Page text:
The Secret Life of the American Teenager
If you’ve never obsessed over who really killed Ali DiLaurentis or whether Amy belongs with her baby-daddy Ricky, congratulations — you’re probably old! And you’re definitely not watching ABC Family, which has found its niche with its two biggest hits, The Secret Life of the American Teenager and Pretty Little Liars. That niche, it seems, involves taking viewers as far away from reality as possible, but in very different ways.
Secret Life has been stretching its once-promising premise — teen gets pregnant, suffers consequences — for four seasons now, and it’s only getting more ludicrous. While MTV’s Teen Mom shows us the true pitfalls of young motherhood, on Secret Life teen mom Amy (Shailene Woodley) just plays a cozy brand of house with the heartthrobby Ricky (Daren Kagasoff). Instead of exploring the real setbacks such a couple might suffer, the show has piled on the melodrama with another teen pregnancy this season courtesy of Ricky’s ex Adrian (Francia Raisa) and Amy’s ex Ben (Ken Baumann). The production itself feels slapdash, and the characters constantly chatter out stilted, circular lines of dialogue but never actually do anything. (If people had sex on Secret Life half as often as they said the word sex, the show would have to be on Cinemax.) The rare genuinely affecting moments come when Amy and her friends are quiet long enough to feel something, as happened when Adrian and Ben lost their baby earlier this summer. The shame of it is, when things crack open this way it becomes clear that Secret Life‘s kids can act.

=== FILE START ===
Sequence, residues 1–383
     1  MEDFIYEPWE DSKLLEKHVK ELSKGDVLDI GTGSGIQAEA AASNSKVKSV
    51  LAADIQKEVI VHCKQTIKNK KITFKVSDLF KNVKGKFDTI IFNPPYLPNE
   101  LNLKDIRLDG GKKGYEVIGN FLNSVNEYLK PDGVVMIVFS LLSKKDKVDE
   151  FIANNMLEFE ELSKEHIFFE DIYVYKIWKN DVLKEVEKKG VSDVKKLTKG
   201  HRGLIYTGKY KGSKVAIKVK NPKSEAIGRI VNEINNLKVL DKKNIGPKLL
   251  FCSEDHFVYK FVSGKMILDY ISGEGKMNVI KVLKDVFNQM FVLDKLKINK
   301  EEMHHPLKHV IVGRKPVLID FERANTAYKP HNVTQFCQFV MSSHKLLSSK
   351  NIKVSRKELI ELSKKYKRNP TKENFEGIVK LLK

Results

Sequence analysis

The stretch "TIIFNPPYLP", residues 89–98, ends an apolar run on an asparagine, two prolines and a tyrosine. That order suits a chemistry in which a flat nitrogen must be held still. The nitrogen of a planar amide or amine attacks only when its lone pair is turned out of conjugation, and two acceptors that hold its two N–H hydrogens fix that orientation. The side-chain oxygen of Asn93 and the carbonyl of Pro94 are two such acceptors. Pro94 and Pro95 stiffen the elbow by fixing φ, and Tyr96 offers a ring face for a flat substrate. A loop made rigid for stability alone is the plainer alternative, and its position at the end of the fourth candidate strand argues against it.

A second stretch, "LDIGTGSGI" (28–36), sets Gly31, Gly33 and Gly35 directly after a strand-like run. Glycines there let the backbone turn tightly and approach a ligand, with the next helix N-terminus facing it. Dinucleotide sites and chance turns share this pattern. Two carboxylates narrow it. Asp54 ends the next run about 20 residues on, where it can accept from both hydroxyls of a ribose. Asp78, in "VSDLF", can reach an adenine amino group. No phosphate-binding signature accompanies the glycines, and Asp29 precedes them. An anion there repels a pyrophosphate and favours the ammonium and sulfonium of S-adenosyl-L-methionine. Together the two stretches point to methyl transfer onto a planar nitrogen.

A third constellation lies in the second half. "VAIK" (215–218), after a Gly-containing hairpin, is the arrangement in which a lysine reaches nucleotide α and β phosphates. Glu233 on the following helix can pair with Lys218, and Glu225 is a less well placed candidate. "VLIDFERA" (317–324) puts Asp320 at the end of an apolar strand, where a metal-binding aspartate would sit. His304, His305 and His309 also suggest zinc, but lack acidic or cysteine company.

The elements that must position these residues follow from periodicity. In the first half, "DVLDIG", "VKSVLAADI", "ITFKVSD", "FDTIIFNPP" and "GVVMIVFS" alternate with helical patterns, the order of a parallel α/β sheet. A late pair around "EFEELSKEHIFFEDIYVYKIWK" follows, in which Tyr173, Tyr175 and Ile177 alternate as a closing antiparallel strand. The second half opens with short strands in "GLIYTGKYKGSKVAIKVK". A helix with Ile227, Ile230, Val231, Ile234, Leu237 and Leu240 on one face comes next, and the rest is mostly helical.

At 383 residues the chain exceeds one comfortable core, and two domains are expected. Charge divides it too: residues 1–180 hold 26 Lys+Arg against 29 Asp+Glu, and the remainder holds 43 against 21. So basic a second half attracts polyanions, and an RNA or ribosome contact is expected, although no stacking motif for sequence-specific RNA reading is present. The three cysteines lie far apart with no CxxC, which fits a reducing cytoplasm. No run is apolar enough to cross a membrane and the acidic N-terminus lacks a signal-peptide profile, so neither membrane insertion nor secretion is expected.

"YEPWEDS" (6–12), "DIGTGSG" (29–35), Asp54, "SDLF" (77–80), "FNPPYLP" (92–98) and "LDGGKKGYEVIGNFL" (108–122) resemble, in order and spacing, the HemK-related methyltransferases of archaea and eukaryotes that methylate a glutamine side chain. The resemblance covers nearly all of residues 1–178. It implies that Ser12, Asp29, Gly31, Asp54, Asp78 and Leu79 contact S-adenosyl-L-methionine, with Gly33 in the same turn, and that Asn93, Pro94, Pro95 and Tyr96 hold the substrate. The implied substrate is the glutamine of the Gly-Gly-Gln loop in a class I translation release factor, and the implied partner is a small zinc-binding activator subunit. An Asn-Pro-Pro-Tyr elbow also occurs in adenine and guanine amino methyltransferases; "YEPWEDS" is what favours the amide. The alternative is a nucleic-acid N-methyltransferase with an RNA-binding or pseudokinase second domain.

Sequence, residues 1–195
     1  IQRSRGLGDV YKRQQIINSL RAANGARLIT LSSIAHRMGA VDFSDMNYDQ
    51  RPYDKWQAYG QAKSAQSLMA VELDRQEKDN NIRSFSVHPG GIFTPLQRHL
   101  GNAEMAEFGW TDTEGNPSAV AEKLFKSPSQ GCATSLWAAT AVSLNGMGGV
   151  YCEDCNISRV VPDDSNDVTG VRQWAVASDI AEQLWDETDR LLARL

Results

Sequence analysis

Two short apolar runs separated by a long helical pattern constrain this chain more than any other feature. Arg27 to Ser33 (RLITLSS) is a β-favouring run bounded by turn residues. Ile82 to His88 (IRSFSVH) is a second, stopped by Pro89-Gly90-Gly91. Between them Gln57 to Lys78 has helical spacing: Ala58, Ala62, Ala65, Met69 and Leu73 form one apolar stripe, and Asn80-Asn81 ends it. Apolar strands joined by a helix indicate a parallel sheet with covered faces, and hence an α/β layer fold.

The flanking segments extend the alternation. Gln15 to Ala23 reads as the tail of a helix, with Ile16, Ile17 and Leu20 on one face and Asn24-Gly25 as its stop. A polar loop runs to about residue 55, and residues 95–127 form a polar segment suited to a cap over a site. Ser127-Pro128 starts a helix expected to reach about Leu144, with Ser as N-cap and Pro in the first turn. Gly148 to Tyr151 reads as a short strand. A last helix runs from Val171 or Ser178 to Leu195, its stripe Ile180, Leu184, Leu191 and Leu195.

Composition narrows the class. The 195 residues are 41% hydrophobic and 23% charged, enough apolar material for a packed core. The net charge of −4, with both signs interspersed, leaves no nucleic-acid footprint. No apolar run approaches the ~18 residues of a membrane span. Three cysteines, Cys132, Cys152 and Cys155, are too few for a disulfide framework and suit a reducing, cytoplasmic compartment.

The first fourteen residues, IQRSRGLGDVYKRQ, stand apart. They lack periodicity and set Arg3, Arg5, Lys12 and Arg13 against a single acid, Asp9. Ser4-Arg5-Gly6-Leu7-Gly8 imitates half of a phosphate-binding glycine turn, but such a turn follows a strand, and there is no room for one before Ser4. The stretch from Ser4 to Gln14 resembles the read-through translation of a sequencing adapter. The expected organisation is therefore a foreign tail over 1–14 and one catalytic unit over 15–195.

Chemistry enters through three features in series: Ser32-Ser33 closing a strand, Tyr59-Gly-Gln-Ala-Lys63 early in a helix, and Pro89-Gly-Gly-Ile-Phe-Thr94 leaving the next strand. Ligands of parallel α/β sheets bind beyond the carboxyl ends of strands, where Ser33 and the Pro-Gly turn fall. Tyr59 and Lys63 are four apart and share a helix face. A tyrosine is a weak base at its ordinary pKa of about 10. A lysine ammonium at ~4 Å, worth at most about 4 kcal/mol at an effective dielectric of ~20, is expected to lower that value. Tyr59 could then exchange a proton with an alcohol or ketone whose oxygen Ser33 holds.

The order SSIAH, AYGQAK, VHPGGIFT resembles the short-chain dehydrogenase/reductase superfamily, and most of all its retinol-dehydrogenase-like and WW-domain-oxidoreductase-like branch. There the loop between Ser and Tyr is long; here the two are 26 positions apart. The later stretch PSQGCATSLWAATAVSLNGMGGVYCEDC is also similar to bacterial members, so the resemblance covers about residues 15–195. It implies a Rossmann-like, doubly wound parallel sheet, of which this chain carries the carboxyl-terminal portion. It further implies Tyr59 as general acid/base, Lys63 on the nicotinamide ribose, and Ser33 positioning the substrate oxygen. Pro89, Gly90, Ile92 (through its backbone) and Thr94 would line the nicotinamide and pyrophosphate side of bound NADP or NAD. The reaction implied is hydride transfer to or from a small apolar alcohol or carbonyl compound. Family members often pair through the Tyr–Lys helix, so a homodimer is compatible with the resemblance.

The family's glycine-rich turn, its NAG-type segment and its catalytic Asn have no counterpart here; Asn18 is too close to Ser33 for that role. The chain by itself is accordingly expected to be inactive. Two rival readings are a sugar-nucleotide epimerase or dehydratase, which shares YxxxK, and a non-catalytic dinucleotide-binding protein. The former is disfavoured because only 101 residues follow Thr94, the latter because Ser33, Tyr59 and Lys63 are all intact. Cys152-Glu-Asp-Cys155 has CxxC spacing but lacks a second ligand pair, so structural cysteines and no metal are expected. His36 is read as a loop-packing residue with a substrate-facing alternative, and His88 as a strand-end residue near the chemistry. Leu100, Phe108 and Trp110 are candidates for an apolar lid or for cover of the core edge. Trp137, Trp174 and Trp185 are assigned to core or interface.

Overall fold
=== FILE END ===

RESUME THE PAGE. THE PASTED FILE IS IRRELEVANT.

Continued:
Pretty Little Liars, which is in its second season of unraveling the suspicious death of popular teen Ali and its implications for her four best friends, is, improbably, more grounded and realistic than Secret Life. And that’s despite its stylized take on murder mystery, complete with tropes like a nefarious blind girl, a presence known as A who sends the BFFs threatening text messages, and an endless parade of interchangeable cute boys. Silly, sure, but fun to watch. At least the dialogue is natural and sometimes even witty, while the rotating romantic entanglements have chemistry if not depth. This series feels like a teen version of Desperate Housewives when it was in its murderous heyday, thanks especially to some of the juiciest cliff-hangers on TV. Every time I swear I have better things to do than watch this show, I find myself drawn back, dying to know: Who is A? Will the girls ever solve Ali’s murder? And most importantly, how do they get their lip gloss so perfect? Secret Life: C Pretty Little Liars: B